(Drew Johnson is a Senior Fellow at the Taxpayers Protection Alliance) Most people who find themselves in Canton, Ohio, first wonder why they’re in Canton, then make a quick stop at the Pro Football Hall of Fame and finally get out of the wilting rustbelt town as quickly as possible. Few of the town’s visitors are aware that Canton is home to a dubious federally-funded tourist trap. They’re in good company. Many Canton residents don’t even know that the National Park Service-managed First Ladies National Historic Site sits right in the middle of the city’s downtown. Just because most Americans have never heard of the First Ladies National Historic Site doesn’t mean they’re not paying for it. Congress makes a habit of showering the failing museum with over $1 million in federal tax money every year. Since it opened in 2000, the museum has managed to burn through more than $10 million in taxpayers’ money while attracting fewer visitors than an Apple Store in Amish Country.
On February 14, 2012 (the 83rd anniversary of the St. Valentines Day Massacre), the National Museum of Organized Crime and Law Enforcement -- better known as "The Mob Museum" -- opened its doors in Las Vegas. The museum will function as a shrine to two of the most shameful blemishes on America: organized crime and government waste. The museum's focus on the mafia and law enforcement agencies that brought them down is obvious. What isn't evident at the glitzy new museum is the fact that hard-working taxpayers were shaken down to fund the tourist trap. In total, politicians devoured $42 million in local, state and federal tax money to build The Mob Museum. The Taxpayers Protection Alliance (TPA) held a press conference with the Nevada Policy Research Institute (NPRI) at 11:00 am PT to question the more than $40 million in taxpayer funds used to create the Museum (see full press release here).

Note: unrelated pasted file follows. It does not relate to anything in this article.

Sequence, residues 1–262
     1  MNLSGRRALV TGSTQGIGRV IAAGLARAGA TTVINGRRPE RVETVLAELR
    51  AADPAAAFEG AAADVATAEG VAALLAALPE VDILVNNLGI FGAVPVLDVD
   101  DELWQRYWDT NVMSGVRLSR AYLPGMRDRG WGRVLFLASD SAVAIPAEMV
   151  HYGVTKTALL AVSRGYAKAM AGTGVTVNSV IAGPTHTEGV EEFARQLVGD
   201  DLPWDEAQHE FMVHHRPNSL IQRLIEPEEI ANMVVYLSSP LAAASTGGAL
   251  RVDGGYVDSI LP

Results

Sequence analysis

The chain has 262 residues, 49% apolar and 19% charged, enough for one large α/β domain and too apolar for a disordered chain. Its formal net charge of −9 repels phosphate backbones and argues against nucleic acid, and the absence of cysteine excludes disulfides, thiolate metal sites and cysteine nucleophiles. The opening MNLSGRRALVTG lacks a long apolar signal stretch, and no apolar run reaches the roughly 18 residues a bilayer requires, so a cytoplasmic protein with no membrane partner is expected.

Today, the Taxpayers Protection Alliance (TPA) released a report on the "Top Five Most Ridiculous Taxpayer Tourist Traps" in America. The report highlights five museums across the nation that are paid for with dollars taken from taxpayers' pockets. The report was written by TPA senior fellow Drew Johnson. The tourist traps highlighted in the report include the Mob Museum in Las Vegas, Nevada which has cost taxpayers $16.2 million but has yet to open, as well as the First Ladies National Historic Site in Canton, Ohio, which receives $1 million annually from taxpayers. Click here to read the whole report and see a video that takes a lighthearted look at the destinations.